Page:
PARSIPPANY — Thanks to a grant by the Parsippany Education Foundation, Central Middle School Choral teacher Adam Aguanno has made arrangements to bring renowned composer and musician and Drew and Yale Universities Choral professor Mark Miller to Parsippany to work with and inspire all chorus students from Central Middle School, Brooklawn Middle School, Parsippany High School and Parsippany Hills High School, on Friday, May 1.

Approximaely 350 students and their choir teachers will come together at Parsippany Hills High School to spend the afternoon participating in workshops and rehearsing with Mr. Miller and his group of musicians.

Mr. Mark Miller believes passionately that music can change the world. He also believes in Cornell West’s quote that ‘Justice is what love looks like in public.’ His dream is that the music he composes, performs, teaches and leads will inspire and empower people to create the beloved community.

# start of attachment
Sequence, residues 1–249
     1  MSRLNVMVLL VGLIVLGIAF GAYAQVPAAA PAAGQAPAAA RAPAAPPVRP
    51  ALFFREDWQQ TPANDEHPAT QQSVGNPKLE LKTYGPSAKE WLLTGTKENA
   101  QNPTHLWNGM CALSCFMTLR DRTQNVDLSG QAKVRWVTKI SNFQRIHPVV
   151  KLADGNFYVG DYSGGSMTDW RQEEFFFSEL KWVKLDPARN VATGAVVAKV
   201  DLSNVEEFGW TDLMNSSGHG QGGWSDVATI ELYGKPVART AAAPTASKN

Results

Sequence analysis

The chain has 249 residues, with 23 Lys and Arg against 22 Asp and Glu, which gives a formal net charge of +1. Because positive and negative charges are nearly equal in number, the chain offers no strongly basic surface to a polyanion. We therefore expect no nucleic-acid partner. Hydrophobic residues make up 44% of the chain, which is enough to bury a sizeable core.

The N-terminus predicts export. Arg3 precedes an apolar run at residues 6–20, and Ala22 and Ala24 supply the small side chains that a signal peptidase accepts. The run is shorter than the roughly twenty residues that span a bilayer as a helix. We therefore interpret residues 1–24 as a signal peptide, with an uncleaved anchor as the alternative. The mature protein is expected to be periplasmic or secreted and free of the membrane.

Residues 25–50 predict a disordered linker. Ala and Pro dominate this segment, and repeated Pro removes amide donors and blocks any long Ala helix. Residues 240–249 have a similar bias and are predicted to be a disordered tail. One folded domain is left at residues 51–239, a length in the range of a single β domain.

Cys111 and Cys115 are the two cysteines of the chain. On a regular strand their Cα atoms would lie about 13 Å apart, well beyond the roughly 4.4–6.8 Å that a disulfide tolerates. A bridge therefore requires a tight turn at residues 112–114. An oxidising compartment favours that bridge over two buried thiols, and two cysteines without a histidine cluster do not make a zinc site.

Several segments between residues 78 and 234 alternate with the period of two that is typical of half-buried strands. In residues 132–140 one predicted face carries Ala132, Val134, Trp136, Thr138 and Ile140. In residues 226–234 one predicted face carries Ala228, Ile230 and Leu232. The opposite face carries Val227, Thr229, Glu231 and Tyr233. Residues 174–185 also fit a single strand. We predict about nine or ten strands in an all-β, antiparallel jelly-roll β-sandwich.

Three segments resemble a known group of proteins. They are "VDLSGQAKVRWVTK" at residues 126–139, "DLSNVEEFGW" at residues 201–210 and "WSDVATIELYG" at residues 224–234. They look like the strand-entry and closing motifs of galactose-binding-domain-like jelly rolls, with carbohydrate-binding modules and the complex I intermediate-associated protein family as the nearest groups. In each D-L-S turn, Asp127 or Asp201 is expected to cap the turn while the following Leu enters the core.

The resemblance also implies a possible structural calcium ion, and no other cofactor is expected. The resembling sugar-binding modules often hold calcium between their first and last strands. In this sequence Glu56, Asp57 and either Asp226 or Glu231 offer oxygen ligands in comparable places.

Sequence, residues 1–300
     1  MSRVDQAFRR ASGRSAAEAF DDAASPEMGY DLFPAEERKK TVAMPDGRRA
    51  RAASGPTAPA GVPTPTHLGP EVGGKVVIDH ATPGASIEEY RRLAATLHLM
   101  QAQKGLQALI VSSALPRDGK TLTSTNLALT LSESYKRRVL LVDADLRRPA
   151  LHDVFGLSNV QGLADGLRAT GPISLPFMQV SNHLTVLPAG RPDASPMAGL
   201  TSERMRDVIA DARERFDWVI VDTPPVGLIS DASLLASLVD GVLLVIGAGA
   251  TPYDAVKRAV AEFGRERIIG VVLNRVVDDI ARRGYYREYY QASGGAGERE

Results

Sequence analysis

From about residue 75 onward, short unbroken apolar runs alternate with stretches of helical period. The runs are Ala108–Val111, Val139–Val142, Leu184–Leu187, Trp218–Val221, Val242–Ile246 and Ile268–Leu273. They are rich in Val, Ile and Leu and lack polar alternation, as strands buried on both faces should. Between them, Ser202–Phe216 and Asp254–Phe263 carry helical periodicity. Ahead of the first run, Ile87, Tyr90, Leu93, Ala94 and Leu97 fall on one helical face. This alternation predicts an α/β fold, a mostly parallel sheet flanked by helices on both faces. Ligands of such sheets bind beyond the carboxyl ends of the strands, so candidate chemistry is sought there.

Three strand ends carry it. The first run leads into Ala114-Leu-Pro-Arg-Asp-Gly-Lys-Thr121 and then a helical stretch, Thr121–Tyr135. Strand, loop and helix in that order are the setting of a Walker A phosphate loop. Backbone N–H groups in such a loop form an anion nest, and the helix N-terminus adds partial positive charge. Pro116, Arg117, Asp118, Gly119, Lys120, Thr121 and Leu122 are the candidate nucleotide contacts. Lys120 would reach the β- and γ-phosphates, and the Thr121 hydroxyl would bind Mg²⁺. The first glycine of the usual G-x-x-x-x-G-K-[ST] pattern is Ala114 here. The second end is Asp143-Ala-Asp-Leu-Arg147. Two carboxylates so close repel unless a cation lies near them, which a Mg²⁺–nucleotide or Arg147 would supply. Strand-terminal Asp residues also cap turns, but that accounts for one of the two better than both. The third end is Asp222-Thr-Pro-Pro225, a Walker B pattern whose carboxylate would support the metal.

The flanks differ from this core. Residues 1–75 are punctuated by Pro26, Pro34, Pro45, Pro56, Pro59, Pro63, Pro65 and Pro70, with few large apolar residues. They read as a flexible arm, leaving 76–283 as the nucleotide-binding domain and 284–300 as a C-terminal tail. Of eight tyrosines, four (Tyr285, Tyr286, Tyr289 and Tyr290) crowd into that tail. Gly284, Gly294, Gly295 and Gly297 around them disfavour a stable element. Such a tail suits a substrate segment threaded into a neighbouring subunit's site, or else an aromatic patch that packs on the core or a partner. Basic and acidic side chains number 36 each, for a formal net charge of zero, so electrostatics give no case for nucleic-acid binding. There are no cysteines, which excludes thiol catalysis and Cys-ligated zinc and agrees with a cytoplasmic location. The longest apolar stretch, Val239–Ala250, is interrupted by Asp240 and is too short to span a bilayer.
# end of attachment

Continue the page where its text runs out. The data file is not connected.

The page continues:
Support from the Parsippany Education Foundation has also allowed the commissioning of a new song written by Mr. Miller specifically for the PTHSD students. Lyrics for this newly commissioned piece were developed using poems and essays written by select student participants across the district. The song will be premiered and performed by these 350+ PTHSD students under the direction of Mr. Miller and his musicians in a culminating concert that will take place on Friday, May 1 at 7:00 p.m., at the Parsippany Hills High School Auditorium.

The concert will also include performances from each of the four schools. All parents and community members are welcomed to attend the concert.